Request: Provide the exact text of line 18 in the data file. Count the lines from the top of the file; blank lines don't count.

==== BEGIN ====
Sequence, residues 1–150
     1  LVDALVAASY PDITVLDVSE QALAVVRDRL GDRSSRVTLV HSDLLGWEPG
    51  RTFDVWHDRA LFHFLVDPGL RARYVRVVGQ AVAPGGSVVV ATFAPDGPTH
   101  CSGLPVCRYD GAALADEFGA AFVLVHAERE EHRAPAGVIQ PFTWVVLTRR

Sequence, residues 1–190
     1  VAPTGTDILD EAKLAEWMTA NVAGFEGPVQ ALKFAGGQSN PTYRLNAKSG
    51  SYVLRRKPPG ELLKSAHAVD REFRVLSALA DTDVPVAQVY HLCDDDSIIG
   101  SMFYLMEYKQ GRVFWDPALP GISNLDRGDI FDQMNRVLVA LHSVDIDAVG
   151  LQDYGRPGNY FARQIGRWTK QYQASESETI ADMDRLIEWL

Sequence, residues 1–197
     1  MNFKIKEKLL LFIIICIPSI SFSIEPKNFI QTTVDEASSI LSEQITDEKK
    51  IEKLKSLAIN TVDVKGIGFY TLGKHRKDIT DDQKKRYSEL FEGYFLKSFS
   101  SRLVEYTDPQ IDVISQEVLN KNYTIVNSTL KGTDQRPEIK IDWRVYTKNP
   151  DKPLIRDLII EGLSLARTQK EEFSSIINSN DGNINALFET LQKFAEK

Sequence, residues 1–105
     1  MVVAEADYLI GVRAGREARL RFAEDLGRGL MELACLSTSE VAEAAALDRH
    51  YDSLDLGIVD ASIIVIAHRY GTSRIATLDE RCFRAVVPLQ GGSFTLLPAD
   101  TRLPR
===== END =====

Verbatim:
   101  TRLPR